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Nagsasa Cove: Nature’s Cradle of Healing and Rebirth

By Adrenaline Romance @AdrenalnRomance

Nagsasa Cove in Zambales

Rebirth is part of Mother Nature’s cycle. But often, this aspect of the cycle can be so subtle that it evades human perception. Indeed, Mother Nature’s rebirth can take years, decades, or even centuries to become evident. Often, it is necessary to travel far and wide to see how she heals herself after being ravaged by humans or after being a victim of her own uncontrollable temper.

We found a stunning place where we witnessed Mother Nature’s rebirth and healing process in action. That place is the secluded Nagsasa Cove situated at the coast of province of Zambales in Luzon, Philipines.

After a harrowing 45-minute boat ride on choppy waters from Capones Island, we finally entered the embrace of Nagsasa Cove. In contrast to the temperamental attitude of the open West Philippine Sea, the water in the bay fronting the grayish-white shore was calm and serene.

Nagsasa Cove in Zambales

At last, we set foot on sandy Nagsasa Cove. If you somehow get lost here, don’t worry. There are signs that point to where you came from. Hehehe!

Nagsasa Cove in Zambales

Colorful tents lined up the sandy, shady spaces beneath the canopies of agoho trees. Tents can be rented for an affordable price at either Nagsasa Cove or at Pundaquit Beach. However, they come in very limited numbers, so we suggest bringing your own.

Nagsasa Cove in Zambales

Our boatman led us to a vacant table where we can finally put down our bags, check if the contents are wet, unpack our supplies, and eat the packed lunch that we bought from San Antonio.

Nagsasa Cove in Zambales

Our boatman set up our rented tents (we decided to rent tents to lighten our load and to make most of our payment) and assured us that he’ll be back early in the morning.

Because it was Holy Week, Nagsasa Cove was loaded with beachgoers just like any other popular beach in the country. Thankfully, it was not as crowded as Anawangin Cove, and the whole place still exuded an airy, free feeling.

Nagsasa Cove in Zambales

One of the things that allow you to breathe a sigh of relief is this sari-sari store at the beach, a store in the middle of nowhere actually. Here, you can buy cigarettes, simple ingredients, noodles, candies, toiletries, and other stuff that you may need during your stay. The store also has electricity, so you can charge your phone for a relatively hefty price. Best of all, they sell refreshing ice-cold softdrinks!

The bad thing is that all merchandise is sold twice to thrice the normal price. Thus, we suggest you buy everything you need from the mainland.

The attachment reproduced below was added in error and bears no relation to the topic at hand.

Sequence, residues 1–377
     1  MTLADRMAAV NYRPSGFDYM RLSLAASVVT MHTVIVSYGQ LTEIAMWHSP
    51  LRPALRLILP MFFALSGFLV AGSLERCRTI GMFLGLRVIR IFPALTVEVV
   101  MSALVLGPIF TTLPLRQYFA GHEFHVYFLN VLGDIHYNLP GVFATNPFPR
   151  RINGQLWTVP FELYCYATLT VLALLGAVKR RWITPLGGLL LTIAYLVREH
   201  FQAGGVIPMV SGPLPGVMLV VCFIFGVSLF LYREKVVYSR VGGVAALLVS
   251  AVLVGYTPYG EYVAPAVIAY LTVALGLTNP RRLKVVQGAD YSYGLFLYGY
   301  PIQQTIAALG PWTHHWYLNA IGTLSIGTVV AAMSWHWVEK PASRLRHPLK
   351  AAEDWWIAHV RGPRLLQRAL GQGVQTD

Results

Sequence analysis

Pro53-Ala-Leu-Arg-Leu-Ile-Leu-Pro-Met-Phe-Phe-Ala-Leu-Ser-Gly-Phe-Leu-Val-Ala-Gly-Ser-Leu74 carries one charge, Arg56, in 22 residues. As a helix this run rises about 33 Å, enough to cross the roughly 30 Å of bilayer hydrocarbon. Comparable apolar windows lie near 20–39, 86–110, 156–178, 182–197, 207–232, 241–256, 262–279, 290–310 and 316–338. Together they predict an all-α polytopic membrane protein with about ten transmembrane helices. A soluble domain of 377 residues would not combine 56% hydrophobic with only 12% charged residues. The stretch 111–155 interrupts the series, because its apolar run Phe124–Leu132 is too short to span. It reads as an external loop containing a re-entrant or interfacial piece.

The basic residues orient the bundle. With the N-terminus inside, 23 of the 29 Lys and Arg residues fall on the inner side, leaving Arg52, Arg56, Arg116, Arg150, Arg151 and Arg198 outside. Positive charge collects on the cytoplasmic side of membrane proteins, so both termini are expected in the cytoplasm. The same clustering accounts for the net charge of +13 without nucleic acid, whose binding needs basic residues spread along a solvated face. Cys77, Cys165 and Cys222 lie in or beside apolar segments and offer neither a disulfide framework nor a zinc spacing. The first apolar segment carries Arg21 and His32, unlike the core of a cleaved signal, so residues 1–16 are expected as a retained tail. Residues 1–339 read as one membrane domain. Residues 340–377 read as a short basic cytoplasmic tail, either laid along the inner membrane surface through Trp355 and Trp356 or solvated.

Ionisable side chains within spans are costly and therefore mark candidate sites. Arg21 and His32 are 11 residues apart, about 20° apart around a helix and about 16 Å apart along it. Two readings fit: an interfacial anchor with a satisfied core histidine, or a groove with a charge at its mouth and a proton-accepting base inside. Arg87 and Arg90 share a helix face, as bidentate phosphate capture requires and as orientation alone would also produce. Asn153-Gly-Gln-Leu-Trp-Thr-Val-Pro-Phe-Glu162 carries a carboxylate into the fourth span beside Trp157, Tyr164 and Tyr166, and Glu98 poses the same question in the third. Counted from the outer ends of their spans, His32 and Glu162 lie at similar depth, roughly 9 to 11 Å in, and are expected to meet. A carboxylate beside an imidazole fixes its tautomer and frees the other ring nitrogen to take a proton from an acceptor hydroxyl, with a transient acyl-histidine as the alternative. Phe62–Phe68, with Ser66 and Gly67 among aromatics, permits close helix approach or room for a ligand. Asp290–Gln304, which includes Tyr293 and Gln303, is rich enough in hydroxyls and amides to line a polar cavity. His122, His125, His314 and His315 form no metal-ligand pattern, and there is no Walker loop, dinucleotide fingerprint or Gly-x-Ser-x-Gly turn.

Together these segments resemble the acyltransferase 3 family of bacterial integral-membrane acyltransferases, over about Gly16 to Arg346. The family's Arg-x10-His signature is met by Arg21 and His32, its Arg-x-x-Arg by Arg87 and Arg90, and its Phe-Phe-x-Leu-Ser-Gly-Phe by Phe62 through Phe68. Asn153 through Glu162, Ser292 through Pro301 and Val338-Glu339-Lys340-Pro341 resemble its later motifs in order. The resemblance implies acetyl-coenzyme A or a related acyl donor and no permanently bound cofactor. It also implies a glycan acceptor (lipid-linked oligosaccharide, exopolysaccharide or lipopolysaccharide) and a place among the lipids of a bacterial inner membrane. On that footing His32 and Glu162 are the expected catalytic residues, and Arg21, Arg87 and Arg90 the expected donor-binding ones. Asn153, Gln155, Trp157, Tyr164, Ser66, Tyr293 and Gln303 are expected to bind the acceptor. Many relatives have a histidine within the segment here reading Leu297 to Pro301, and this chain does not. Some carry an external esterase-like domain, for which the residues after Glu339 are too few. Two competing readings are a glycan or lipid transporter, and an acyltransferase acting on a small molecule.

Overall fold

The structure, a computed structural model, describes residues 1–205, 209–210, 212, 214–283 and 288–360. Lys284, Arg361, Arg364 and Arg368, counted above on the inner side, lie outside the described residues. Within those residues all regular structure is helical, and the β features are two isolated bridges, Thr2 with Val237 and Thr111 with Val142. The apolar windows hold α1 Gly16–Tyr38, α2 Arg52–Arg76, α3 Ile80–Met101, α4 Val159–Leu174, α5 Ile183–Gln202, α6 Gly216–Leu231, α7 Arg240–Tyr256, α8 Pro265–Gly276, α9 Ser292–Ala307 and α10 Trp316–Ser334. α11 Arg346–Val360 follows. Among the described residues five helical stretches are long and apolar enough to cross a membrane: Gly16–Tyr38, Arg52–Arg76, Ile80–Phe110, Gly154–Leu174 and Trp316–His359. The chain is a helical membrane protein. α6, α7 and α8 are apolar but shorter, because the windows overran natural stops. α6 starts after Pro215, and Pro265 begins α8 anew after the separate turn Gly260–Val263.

Nagsasa Cove in Zambales

After having lunch and re-organizing our things, it was time to hit the waters. The tide was slowly receding but that did not stop us from taking a dip in the warm waters of Nagsasa Cove.

Just check out that spectacular mountain scenery! It makes swimming in an idyllic beach an even more awesome experience.

Nagsasa Cove in Zambales

A long stretch of powdery golden sand fronting a small forest of agoho trees make up half of Nagsasa Cove’s stretch of shoreline. Also, check out the shore. Do you notice that the sand on Sweetie’s feet is gray?

Well, that’s because it’s not just pure beach sand. The grayish color comes from ash deposits that settled on the land after the cataclysmic eruption of Mt. Pinatubo many years ago. As decades passed, with the help of the sea, the ash crystallized into sand-like particles that give this part of the shore its distinctive gray color.

Nagsasa Cove in Zambales

The sand of Nagsasa Cove is somewhat like coarse powder partly due to the blanket of volcanic ash that covered the beach many years ago.

Nagsasa Cove in Zambales

The southern part of the shore is home to Kamp Bira Bira, a resort within Nagsasa Cove. You see, the whole stretch of Nagsasa Cove is divided into resorts. But unlike the shores of Lapu Lapu City in Mactan, Cebu where we live, no ugly sea walls have been erected to demarcate the properties. The result is a long, continuous, beautiful sandy shore where you can walk freely from one end to another.

Nagsasa Cove in Zambales

Outrigger boats of different sizes line bring and fetch beachgoers. They got really busy during this time of the year. Those boats may look flimsy, but they’re actually tough and very stable. They are available for rent at a relatively affordable rate.

Nagsasa Cove in Zambales

Well, on a hot afternoon like this, who can resist not having fun in the water? No one!

Nagsasa Cove in Zambales

The underwater landscape is pretty much sandy for a mile or two from the shore. Thus, there aren’t many features such as rocks, fields of sea grass, or corals. However, the gentle waves that lap the shore do form the sand into small, long dunes.

In this desert of underwater sand, there are still tidbits of life. We saw this nice, stingless jellyfish swimming around.

Nagsasa Cove in Zambales

Oh yes, if we could only live the rest of our lives like this without worrying about responsibilities! While others enjoyed the beach, I took a very relaxing nap on our hammock.

Nagsasa Cove in Zambales